This article appeared online at on Friday, March 15, 2019: 

Following the horrific murder of 20 young children and six adults at the Sandy Hook Elementary School in Newton, Connecticut, in December 2012, families of the victims filed a lawsuit against the maker of the weapon Adam Lanza used in the massacre.

The lawsuit was tossed in 2016 when a lower court ruled that Remington Arms, the maker of the Bushmaster semiautomatic rifle Lanza used, was immune thanks to the PLCAA — the Protection of Lawful Commerce in Arms Act — that Congress passed and President George W. Bush signed into in October 2005.

But anti-gunners never give up. Upon appeal, the Connecticut just ruled that the lawsuit may proceed despite that ruling, claiming that Remington used illegal marketing strategies that somehow enticed Lanza to purchase that particular weapon and use it in his killing spree.

The bias of the court’s Chief Justice Richard Robinson was clear from his comments following the resurrection of the lawsuit:

If the defendants did indeed seek to expand the market for their assault [sic] weapons through advertising campaigns that encouraged consumers to use the weapons not for legal purposes such as self-defense, hunting, collecting, or target practice, but to launch offensive assaults against their perceived enemies, then we are aware of nothing in the text or legislative history of PLCAA to indicate that Congress intended to shield the defendants from liability for the tragedy that resulted.

That’s how an activist judge twists the facts to come to a foreordained conclusion. First twist: Adam Lanza didn’t purchase the weapon, he stole it from his mother. Second twist: The firearm is a semiautomatic rifle, not a fully-automatic military assault rifle. Third twist: A nearly identical lawsuit against Glock was tossed by the Ninth Circuit court a few years earlier.

That particular case, Ileto v. Glock, was brought by the wife of a victim of a shooting at a Jewish Community Center in Grenada Hills, California, in 1999. She and her lawyers claimed that Glock’s “deliberate and reckless” marketing strategies created an undue risk that their would be purchased for criminal purposes. The suit was tossed in 2009 by the 9th Circuit Court of Appeals, which concluded that the PLCAA protected Glock against the claim, affirming the immunity that Congress intended to create by passing the act.

None of that matters to the black-robed Connecticut Supremes who will now hear the case. Joshua Koskoff, the attorney representing the plaintiffs, has already started celebrating the coming victory: “The families’ goal has always been to shed light on Remington’s calculated and profit-driven strategy to expand the AR-15 market and court high-risk users, all at the expense of Americans’ safety. Today’s decision is a critical step towards achieving that goal.”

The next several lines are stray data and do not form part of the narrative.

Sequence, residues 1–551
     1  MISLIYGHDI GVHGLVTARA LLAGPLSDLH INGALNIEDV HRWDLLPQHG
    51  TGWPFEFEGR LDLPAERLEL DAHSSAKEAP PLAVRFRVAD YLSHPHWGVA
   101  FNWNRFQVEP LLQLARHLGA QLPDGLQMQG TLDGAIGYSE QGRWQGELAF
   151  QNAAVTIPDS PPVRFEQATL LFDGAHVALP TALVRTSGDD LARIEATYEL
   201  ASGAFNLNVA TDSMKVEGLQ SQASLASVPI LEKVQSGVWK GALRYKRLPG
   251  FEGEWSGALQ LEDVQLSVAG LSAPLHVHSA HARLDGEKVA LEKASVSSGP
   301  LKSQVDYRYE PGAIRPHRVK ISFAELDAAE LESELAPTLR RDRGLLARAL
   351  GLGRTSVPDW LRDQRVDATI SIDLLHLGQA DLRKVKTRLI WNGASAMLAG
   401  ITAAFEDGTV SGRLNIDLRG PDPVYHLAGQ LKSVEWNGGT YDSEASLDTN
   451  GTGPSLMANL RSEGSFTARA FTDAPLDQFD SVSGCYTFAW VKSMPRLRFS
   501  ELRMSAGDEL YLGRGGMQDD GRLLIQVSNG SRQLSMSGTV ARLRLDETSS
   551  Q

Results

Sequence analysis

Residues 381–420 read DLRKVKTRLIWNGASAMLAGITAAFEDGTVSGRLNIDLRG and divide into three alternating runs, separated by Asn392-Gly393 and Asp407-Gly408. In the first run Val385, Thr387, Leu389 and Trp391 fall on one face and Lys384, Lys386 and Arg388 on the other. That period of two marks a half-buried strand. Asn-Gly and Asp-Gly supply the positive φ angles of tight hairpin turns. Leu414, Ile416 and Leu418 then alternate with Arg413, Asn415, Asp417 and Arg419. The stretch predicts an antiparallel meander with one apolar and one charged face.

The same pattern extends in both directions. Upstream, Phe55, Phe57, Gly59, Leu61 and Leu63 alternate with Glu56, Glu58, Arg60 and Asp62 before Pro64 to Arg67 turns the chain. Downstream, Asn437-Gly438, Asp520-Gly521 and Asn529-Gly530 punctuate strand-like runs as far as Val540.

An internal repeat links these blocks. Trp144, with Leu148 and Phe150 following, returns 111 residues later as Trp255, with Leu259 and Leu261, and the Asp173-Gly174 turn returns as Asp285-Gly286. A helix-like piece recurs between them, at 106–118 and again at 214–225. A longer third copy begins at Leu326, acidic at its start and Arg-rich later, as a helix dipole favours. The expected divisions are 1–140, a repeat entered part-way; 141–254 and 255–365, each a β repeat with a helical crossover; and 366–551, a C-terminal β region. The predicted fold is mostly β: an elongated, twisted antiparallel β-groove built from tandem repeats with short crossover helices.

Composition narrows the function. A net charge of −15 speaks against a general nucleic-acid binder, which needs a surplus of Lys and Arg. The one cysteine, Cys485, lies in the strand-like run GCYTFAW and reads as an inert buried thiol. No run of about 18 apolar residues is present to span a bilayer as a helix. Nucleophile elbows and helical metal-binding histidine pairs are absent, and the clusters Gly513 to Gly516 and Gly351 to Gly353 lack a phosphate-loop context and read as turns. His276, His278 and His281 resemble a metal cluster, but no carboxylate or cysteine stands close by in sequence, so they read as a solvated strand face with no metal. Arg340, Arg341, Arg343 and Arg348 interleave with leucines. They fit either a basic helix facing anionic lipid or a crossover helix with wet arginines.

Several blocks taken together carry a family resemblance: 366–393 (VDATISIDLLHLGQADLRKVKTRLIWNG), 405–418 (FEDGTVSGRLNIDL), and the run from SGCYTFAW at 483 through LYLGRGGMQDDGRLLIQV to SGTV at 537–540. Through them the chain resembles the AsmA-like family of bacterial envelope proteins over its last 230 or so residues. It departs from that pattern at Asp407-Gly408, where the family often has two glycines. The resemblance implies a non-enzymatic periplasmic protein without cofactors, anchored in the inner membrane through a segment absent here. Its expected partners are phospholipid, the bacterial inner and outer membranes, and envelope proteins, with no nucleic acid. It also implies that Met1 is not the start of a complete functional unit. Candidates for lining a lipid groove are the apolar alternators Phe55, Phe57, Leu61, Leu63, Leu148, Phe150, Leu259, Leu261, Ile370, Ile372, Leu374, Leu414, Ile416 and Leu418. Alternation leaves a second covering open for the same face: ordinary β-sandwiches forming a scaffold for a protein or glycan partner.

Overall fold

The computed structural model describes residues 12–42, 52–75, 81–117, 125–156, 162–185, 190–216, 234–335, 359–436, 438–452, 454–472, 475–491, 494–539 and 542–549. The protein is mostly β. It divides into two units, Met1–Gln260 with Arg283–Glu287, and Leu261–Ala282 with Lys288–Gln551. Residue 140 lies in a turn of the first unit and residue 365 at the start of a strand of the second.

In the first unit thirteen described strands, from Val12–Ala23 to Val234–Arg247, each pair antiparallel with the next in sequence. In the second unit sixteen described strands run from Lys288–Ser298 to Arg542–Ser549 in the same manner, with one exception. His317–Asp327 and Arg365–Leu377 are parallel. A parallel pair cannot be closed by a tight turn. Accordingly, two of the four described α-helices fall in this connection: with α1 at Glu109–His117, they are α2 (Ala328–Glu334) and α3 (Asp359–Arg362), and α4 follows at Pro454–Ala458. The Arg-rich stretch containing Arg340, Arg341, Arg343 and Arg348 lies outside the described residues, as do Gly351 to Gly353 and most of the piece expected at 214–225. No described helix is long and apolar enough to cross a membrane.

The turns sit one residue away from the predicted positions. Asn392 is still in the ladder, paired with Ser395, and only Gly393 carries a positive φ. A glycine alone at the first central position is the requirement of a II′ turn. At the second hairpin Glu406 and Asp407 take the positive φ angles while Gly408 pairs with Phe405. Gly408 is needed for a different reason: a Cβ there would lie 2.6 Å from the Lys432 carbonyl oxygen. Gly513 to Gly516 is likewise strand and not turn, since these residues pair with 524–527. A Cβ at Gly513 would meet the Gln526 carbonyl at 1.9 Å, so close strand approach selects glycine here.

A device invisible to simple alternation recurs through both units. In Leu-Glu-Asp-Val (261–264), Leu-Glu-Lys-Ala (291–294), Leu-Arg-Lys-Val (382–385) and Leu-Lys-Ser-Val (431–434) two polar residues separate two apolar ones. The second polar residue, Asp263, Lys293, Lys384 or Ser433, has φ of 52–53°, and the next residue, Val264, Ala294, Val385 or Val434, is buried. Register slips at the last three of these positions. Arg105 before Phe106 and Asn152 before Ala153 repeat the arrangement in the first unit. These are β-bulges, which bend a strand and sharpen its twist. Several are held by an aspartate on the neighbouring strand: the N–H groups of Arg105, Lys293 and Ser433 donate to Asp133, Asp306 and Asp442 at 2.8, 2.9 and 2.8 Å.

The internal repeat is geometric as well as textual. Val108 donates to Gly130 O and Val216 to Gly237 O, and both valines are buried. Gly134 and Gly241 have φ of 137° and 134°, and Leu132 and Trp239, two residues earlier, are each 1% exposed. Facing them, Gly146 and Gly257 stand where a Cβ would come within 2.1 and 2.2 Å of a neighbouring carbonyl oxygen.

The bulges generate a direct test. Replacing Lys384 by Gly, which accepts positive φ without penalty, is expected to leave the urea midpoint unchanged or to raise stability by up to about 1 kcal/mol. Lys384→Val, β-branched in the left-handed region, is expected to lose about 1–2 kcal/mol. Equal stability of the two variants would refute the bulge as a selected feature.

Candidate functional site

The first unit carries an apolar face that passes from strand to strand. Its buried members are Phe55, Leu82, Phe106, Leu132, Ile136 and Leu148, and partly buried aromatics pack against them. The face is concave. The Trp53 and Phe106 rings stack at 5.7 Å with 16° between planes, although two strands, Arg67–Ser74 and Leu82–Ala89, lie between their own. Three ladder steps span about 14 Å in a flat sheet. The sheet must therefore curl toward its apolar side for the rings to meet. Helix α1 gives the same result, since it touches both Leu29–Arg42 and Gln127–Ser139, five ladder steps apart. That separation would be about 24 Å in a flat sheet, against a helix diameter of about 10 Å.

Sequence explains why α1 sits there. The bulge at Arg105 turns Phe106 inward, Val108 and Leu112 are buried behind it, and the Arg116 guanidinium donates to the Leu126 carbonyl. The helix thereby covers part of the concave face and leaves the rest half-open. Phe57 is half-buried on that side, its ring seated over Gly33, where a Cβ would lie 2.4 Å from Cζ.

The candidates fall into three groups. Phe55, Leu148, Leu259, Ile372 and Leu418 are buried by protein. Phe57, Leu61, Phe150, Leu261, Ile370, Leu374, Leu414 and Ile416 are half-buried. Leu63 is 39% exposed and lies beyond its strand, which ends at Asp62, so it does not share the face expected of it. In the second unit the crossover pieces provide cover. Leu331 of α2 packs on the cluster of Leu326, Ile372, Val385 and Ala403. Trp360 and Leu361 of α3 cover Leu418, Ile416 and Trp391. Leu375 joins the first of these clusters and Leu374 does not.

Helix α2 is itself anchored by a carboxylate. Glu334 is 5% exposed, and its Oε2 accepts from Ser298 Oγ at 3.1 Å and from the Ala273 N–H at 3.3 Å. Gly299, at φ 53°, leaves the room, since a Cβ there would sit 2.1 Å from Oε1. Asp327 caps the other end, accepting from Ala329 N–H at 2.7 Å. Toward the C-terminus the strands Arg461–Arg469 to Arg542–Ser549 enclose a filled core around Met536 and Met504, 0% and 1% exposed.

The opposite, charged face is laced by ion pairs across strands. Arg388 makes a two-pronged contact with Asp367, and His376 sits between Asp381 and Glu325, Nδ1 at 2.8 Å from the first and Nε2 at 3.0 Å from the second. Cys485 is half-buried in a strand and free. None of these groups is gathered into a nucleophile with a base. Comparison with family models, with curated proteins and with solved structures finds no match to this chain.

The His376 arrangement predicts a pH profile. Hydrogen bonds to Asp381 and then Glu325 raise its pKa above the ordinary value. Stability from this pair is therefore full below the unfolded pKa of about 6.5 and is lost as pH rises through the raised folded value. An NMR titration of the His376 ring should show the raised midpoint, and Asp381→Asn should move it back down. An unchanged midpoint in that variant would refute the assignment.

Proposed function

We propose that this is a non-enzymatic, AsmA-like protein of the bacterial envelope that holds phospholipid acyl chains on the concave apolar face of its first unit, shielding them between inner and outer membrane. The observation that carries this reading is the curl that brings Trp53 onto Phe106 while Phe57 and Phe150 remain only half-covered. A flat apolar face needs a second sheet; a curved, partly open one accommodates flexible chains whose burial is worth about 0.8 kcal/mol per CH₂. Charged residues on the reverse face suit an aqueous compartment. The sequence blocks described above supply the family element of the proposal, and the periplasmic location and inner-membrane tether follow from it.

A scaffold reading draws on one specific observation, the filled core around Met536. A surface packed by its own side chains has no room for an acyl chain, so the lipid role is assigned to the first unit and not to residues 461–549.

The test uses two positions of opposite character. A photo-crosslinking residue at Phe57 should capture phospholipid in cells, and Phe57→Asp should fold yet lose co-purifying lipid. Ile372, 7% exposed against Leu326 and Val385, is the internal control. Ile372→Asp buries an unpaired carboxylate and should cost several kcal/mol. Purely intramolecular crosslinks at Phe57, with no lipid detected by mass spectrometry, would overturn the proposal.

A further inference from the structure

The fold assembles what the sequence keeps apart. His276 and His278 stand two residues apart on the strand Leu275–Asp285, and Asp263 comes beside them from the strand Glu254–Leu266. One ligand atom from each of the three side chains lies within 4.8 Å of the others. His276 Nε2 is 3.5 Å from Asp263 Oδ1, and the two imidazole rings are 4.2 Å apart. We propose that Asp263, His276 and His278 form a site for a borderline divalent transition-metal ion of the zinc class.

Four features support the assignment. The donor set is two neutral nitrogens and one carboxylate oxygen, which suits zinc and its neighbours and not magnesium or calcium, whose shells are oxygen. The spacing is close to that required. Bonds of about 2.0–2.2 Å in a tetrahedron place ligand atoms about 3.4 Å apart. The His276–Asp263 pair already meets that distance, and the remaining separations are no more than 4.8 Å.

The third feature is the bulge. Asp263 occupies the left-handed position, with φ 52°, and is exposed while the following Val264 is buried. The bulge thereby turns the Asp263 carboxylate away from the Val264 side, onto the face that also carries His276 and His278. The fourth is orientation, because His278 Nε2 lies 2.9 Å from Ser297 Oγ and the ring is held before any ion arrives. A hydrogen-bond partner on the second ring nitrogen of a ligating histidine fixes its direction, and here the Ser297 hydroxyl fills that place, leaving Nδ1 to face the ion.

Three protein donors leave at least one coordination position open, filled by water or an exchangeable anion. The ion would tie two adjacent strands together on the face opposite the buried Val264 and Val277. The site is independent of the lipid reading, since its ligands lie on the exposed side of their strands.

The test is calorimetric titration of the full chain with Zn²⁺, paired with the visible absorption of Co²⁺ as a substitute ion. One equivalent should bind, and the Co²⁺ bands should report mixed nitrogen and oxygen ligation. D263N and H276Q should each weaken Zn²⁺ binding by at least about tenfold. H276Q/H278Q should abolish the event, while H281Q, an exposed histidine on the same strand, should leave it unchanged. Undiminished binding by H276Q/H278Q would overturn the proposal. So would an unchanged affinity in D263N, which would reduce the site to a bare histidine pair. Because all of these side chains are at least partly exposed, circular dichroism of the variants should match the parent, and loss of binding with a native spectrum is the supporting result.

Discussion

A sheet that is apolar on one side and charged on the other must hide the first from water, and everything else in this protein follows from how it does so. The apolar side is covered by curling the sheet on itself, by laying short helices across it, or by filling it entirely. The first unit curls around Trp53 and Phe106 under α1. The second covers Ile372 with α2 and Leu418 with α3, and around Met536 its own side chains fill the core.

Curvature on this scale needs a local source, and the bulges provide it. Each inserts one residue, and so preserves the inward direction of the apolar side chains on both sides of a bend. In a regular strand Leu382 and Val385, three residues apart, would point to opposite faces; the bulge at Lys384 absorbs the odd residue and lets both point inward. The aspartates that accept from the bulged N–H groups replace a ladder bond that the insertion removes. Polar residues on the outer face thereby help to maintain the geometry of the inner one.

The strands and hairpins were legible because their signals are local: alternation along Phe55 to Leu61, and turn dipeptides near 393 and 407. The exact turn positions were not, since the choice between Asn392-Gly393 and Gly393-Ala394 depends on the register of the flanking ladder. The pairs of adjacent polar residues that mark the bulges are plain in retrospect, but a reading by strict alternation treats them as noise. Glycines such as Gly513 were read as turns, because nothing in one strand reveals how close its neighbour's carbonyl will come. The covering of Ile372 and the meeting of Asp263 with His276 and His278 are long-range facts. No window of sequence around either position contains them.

The National Shooting Sports Foundation’s statement warned that this time the strategy might work: “The [lawsuit] can go forward based on the plaintiff’s allegation that the defendants’ marketing and advertising of a legal product somehow violated Connecticut’s Unfair Trade Practices Act.… The exemption [in the PLCAA] permits lawsuits where the defendant violated a [state] statute applicable to the sale of firearms.”

On the other hand, Alan Gottieb, executive vice president of the Foundation, considers the resurrection a grasping at straws:

This ruling strains logic, if not common sense. The court dismissed the bulk of the lawsuit’s allegations but appears to have grasped at this single straw by deciding that [Remington’s] advertising is somehow at fault for what Adam Lanza did that day in December more than six years ago.


This is like suing Ford or General Motors because a car they sold was stolen and used to run over a pedestrian all because the car manufacturers advertised that their car had better acceleration and performance that other vehicles….


That is absurd in this case. Did [Remington’s] advertising even remotely suggest that the Bushmaster is best for murdering people? It appears to me like the court was looking for a way to squeak around the provisions of the [PLCAA].… After all, the court dismissed most of the allegations, but now has decided that advertising might be at fault. That’s a stretch of credulity worthy of surgical elastic.

Absurd or not, it is likely that anti-gunners will achieve their objective. Remington filed for last March, having accumulated nearly $1 billion in debt, including legal fees incurred in defending itself. It exited bankruptcy a few months later, but its financial condition remains fragile. Win or lose, it’s more than likely the company will be forced into bankruptcy once again, this time for good.

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